Your task: Write a 5–10 page essay based on your research, plus a Works Cited page(s). The purpose of this research project and essay is to help readers identify and understand what it means to be a member of a particular subculture. While you should come to certain conclusions about the subculture, the over-riding purpose is to understand the subculture, not to make judgments about it. Most importantly, this essay should not be used specifically to encourage people to join the group or to discourage people away from it. 

Minimum requirements:                                            

  • The paper must be 5-10 pages in length (not including WC pages).
    • This means a minimum of 5 full pages, so your text must reach at least the last line on page 5.
  • The entire paper, including the WC page and entries, must be formatted correctly using MLA 8th edition style.
  • The essay must have a clear, logical structure focused on discussing and analyzing the major identifying elements (traits, behaviors, beliefs, values, activities, etc.) of the subculture.
  • The paper must have an original title that reflects or indicates the writer’s focus.
  • Directly quote at least 4 of your 5 traditional sources
    • Required traditional sources: two academic sources, two primary sources, one popular source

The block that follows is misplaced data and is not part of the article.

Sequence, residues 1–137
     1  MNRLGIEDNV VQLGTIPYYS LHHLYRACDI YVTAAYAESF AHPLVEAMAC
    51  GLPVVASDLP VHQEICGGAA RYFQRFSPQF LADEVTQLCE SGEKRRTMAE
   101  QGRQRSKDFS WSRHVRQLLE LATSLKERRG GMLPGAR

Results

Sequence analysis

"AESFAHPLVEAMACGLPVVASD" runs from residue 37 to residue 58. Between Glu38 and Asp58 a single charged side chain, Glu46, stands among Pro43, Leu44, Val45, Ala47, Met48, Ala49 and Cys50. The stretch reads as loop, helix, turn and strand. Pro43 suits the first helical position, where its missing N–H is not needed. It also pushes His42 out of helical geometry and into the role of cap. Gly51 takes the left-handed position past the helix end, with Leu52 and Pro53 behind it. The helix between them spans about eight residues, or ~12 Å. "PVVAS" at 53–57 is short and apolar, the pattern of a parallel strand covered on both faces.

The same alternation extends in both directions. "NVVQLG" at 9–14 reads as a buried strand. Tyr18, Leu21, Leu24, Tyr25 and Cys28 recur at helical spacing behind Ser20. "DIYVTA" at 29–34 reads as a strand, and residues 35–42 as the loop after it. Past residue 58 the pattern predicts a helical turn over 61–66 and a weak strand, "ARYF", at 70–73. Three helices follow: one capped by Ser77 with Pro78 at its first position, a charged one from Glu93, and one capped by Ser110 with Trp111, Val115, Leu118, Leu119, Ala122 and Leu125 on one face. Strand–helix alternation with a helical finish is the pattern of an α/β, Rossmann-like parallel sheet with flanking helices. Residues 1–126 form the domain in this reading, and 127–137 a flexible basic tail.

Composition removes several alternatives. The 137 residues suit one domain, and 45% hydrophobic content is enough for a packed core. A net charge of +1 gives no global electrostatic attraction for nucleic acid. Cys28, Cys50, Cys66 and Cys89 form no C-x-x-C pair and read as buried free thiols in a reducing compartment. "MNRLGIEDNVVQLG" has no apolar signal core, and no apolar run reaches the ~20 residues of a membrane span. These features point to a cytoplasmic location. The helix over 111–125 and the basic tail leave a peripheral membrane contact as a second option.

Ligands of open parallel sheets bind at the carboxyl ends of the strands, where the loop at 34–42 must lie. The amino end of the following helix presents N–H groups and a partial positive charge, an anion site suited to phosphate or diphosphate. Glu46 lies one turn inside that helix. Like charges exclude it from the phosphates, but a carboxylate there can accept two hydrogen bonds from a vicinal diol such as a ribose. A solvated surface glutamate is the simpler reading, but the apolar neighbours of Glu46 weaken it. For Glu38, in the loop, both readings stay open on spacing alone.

• Use a combination of quotation and paraphrase for most quotations
    • Quotations should be no longer than three lines of text
    • For this assignment, avoid block quotes if possible; you may use one block quote if the entire quotation is necessary AND your essay is 7 pages or longer without the quote. Make sure you format and cite the block quote correctly. Contact the Writing Center if necessary for help.
    • Additional source references may simply paraphrase a sentence or idea; short quotations may be included in a paraphrase.
  • Quote your personal interviews at least twice each.
  • All source material must be properly introduced, integrated, and cited using MLA citation style.
  • Essays that fail to meet all minimum requirements will earn a D or F.

This essay should bring together your primary sources, secondary scholarly sources, secondary popular sources, and ethnographic observations and interview(s) in a logical, structured way that helps readers identify and understand what it means to be part of your chosen subculture.

In your draft, organize details into paragraph chunks. You may wish to use a narrative framework, telling about your experiences observing this culture or reporting on your interview, or you may wish to organize by subtopics or some other logical division. If you have a great deal of information to get down on paper, just try in the first draft to get it down on the page. The bulk of the content of your writing for this essay should be observed details, from both your primary and secondary sources as well as your own observations.

Style Options:

Please review the Student Sample ethnography essays provided on Bb to help you decide with structure or style works better for you.

 Traditional Academic Research Paper